In the meantime defendant's mother, Mrs. Hundley, had been awakened a short time before by the opening of the downstairs door and a rushing through it of someone out into the street and a return and a shutting of the door. She was still awake when she heard a report which evidently was the shot from, deceased's pistol, although she did not so identify it at the time. About the same time that the Saunders brothers were standing in the driveway, Mrs. Hundley heard her daughter struggling to get her breath and groaning in the hall downstairs. She went into the upstairs hall and looked down and saw the defendant crawling on her hands and knees and groaning, and apparently trying to get her breath. She went down and helped her up the steps, and into Mrs. Hundley's room. She proceeded to undress the defendant and, finding that her clothing was wet due to a discharge from her bladder which had occurred, she went in search of some dry clothing. In order to find it she turned on the light in defendant's room, which the Saunders brothers observed go on while they were standing in the street. She was alarmed over her daughter's condition and feared that she had been given poison as she was unable to talk and was mentally dazed. After putting her to bed Mrs. Hundley went downstairs to see if she could find the decedent, Mr. Thomas, and have him call a doctor. She discovered his body, however, lying in the dining room. This excited and frightened her. She returned to her own room, hastily slipped on a dress and rushed over to the Saunders' home next door to summon aid. Mr. Saunders, a witness for the Commonwealth, testified that Mrs. Hundley came to his side door and called for him to open it. He asked, "What is the matter, Mrs. Hundley?", and she stated that her daughter "had come to her room and she couldn't find out a thing from her; that she was very nervous, and that Mr. Thomas had killed himself." Dr. Babb, another Commonwealth's witness, was then called and arrived at the home a short time after Mr. Saunders and his brother had come in. When the doctor arrived he was told that Mr. Thomas was dead and he could not be of any help to him, but that the defendant, Mrs. Macon, was very ill and needed his attention. He then went upstairs to Mrs. Hundley's room, where the defendant was in bed. His testimony at the trial was that he found her "out of her head, in my opinion; she couldn't answer anything, just like a person who had gone through some terrific emotion or experience; she wouldn't answer questions, couldn't say anything." He further testified that after giving her a hypodermic, in about ten minutes she was able to tell him that her throat hurt. The doctor had suspected she might have been poisoned, but an examination disclosed this was not true. He found, however, that she had four bruises on the left side of her neck and one which he presumed to be a thumb print on the right side. The pattern of these bruises corresponded to a human hand applied with a great deal of violence. Dr. Babb further testified at the trial that, while the defendant was not in a coma and was not exactly unconscious, "nevertheless, her higher centers, those things that reason things out; they were just as dead as could be." When questioned as to the effect on a person of having been choked and rendered unconscious, he said: "Choking would be just like any other condition where a person would be rendered insensible; the sphincters would relax, and if there was anything in the bladder, it would come out." Such an evacuation, he said, is a result to be ordinarily expected from a condition of unconsciousness. He also testified that the report of a gun shot is a sufficient stimulus to restore an insensible person to consciousness. In this connection Sheriff Bell testified that on the night of the tragedy Dr. Babb told him that he, the sheriff, could not talk to the defendant; "that her throat was bruised on the inside; that she had been choked and passed out and couldn't have known anything about the shooting;" that Dr. Babb told him further "that it was a wonder the woman was alive the way she was choked." When Dr. Babb called on his patient the next morning, he found that the bruises had turned to a deep bluish color and could be very distinctly seen from across the room.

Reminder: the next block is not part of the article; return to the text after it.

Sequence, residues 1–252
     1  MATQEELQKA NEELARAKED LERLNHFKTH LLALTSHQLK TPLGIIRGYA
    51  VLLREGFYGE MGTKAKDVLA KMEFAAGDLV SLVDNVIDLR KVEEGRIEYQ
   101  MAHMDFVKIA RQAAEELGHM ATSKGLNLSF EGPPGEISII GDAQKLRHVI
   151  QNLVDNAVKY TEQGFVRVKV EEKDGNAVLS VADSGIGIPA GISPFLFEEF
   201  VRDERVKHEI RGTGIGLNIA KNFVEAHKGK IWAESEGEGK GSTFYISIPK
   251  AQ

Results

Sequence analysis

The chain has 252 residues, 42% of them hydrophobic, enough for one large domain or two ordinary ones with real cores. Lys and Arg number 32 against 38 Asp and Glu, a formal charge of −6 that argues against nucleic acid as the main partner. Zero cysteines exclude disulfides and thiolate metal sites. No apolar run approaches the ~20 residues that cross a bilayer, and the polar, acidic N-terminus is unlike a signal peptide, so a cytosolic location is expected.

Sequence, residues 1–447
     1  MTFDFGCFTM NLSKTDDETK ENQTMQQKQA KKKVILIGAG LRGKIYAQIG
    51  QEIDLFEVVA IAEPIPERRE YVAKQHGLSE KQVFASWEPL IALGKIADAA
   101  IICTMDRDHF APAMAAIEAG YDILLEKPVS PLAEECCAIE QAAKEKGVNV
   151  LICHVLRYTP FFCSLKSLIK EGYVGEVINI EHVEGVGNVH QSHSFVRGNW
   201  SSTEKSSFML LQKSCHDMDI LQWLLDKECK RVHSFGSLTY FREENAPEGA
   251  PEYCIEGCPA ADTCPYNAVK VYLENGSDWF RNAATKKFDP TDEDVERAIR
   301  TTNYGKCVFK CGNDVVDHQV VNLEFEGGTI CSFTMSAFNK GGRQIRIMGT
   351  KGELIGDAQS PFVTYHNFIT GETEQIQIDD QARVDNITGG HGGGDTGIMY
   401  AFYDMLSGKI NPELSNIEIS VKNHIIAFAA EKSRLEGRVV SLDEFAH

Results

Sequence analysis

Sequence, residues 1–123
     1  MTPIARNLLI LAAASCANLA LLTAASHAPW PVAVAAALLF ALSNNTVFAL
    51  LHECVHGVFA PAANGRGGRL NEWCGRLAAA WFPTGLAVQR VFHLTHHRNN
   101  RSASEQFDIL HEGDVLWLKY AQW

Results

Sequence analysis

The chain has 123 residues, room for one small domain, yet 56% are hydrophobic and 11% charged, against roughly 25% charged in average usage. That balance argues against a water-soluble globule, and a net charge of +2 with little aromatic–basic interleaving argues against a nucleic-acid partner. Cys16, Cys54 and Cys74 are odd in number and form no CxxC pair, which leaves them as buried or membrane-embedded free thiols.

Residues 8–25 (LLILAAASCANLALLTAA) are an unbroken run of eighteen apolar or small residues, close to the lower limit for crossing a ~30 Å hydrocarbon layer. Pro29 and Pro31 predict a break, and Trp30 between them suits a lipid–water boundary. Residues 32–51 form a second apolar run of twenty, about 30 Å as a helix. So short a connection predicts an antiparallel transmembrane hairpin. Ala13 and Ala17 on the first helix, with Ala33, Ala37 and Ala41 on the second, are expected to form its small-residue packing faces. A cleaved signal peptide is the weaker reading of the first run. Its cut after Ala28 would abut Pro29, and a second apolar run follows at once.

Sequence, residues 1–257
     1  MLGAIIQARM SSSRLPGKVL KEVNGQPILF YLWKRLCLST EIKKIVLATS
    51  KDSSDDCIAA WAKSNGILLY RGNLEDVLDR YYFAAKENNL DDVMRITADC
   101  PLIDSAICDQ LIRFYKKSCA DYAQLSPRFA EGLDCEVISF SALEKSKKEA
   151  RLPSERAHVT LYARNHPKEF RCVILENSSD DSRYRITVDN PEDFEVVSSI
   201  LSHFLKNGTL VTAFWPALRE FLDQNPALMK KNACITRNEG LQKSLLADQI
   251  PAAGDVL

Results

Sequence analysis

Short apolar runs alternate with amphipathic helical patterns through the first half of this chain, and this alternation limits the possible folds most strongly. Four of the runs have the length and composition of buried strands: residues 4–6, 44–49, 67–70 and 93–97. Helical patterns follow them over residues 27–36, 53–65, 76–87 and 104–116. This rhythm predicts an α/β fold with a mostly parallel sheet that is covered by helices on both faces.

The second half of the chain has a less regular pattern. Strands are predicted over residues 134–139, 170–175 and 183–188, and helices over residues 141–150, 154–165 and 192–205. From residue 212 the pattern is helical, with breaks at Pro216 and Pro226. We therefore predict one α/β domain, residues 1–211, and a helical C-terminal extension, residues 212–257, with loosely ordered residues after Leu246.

Sheriff Bell arrived on the scene about twelve-thirty o'clock that night and, together with the Saunders brothers and Dr. Babb, made an examination of the body of the deceased and the surrounding conditions. They saw no sign of any disorder in the room, and the clothing and necktie of the deceased were in a normal undisturbed condition. One of the lenses of the defendant's eyeglasses was on the floor and another part, with the right templet, was found under the body of the deceased. He was lying on his back with one leg propped up against the table leg and was in about the middle of the room, parallel to the table. He had been shot straight through the head, the bullet having penetrated at a point just above the right ear and rested in substantially the same place just under the skin on the left side of the head. There was a powder mark about the size of a half dollar around the hole where the bullet entered. This showed the pistol was not less than two nor more than sax inches away when it was fired. A pistol was found in his right hand, his thumb extending through the trigger guard and pressing against the trigger. We will consider later, in more detail, the testimony relating to the pistol.